Let’s do a little graph work with the Long Term Trend version of the National Assessment of Educational Progress (LTT NAEP). We’ll use this graph of the LTT NAEP reading performance, which is cut and pasted from the “NAEP 2008 Trends in Academic Progress.”
On this graph, when scores for earlier years are statistically significantly different from the latest scores for 2008, those earlier year scores are tagged with an asterisk. If an earlier score lacks an asterisk, the score is not statistically significantly different from the latest, 2008 score.
Consider the Age 17 reading results; the scores from 1984 to 1992 are higher than the 2008 score, and each has an asterisk. That indicates these scores are higher than the 2008 score by a statistically significant amount (NAEP uses a 95 percent confidence test for statistical significance). Scores for 1980 all the way back to 1971 lack an asterisk, indicating these are basically tied with the 2008 score. Scores from 1994 to 2004 based on the original assessment format lack an asterisk, so they are just statistically tied with the 2008 score.
Note: Although the NAEP changed the assessment format somewhat in 2004, the people who administer the assessment claim the differences are not very significant and scores from the revised format can be compared to the original format scores.
So, in the early days of LTT NAEP reading, Age 17 reading did improve very slightly. However, it is clear that progress went flat around 1984 and stayed flat until recently, when a statistically significant DECLINE in Age 17 reading started. The most recent Age 17 reading scores are statistically significantly lower than scores for 1984 to 1992.
The bottom line: there is nothing to crow about in the Age 17 results, as a number of researchers have noted.
Now, check the Age 13 results. They have basically been flat since 1992, and the entire score gain over the 37 years shown is a measly five point rise. There is nothing to crow about here, either.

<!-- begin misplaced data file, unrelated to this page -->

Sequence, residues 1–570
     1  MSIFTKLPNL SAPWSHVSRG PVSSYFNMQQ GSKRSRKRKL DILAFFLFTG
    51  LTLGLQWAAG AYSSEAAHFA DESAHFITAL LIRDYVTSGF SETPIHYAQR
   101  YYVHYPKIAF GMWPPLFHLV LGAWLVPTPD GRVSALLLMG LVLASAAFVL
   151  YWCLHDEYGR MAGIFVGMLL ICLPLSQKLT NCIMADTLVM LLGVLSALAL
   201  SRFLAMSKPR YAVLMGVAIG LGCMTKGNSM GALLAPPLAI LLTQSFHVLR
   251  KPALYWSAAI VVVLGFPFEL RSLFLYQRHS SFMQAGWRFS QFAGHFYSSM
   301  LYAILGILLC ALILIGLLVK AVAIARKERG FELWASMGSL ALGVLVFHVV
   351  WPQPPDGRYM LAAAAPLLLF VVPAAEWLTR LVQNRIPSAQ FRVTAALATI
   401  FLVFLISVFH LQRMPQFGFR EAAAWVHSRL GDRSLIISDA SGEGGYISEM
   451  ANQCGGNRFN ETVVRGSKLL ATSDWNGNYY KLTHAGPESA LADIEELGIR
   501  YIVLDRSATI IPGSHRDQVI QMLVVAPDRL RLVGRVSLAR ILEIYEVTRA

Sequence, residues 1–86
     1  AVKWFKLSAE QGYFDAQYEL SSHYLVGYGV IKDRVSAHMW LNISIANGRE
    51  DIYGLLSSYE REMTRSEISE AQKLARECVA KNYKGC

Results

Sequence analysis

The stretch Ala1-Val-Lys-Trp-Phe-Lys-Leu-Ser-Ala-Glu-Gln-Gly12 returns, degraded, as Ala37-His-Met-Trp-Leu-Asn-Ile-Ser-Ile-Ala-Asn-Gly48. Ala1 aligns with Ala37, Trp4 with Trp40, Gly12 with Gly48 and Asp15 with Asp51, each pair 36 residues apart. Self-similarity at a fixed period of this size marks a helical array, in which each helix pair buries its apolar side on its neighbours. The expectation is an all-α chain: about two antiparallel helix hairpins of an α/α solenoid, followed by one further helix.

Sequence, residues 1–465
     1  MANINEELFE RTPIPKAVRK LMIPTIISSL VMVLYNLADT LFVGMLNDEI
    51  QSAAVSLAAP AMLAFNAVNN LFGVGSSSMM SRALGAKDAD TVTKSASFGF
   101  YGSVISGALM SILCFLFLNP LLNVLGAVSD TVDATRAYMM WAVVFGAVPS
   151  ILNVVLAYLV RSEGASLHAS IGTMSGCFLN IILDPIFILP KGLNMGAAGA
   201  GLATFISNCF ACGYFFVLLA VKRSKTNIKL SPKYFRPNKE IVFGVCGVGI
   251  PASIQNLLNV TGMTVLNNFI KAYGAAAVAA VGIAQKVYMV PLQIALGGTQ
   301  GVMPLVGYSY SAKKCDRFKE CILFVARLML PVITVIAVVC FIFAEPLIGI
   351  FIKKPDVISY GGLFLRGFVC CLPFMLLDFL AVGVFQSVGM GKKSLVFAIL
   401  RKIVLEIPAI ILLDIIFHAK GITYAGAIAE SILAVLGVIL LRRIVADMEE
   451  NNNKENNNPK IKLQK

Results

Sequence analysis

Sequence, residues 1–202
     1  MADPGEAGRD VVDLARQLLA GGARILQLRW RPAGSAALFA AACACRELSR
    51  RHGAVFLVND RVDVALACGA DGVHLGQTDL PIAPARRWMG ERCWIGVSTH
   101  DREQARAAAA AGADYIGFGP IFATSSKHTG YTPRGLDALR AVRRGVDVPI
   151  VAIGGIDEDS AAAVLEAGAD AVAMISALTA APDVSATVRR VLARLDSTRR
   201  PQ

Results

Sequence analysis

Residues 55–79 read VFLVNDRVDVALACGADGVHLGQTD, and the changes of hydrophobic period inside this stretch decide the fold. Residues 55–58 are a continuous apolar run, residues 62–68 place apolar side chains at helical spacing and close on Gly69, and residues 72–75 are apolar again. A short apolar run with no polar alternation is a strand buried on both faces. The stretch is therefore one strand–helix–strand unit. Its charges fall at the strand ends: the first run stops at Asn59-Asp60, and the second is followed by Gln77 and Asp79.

So, the modest improvement in the Age 9 results has never translated to upper age levels, a fact that concerns plenty of education researchers.
If you look at the math LTT NAEP results for Age 17 students, you would find a similar situation. The 2008 Age 17 LTT NAEP math score is not statistically different from the score way back in 1973, and the 2008 score is not statistically different from all scores posted since 1990. That’s nothing to crow about either.
Still, that didn’t stop some people from trying to fabricate a mountain out of the Mississippi Delta with this data. Several weeks ago, Education Week published a Commentary article titled, “Public Schools: Glass Half Full or Half Empty?”
The article and the paper upon which the article is based, “Restoring Faith in Public Education,” make incredible claims such as the educational progress on the LTT NAEP has been “Commendable.” Even our education commissioner got fooled.
However, the truth is the paper engages in some very poor analysis and cherry-picking of data.
You can read part of my reaction to this nonsense in my recently published letter to Education Week.
I also posted two rather extensive comments to Ed Week’s Commentary article. If you don’t want to check that out, just click the “Read more” link for a brief synopsis.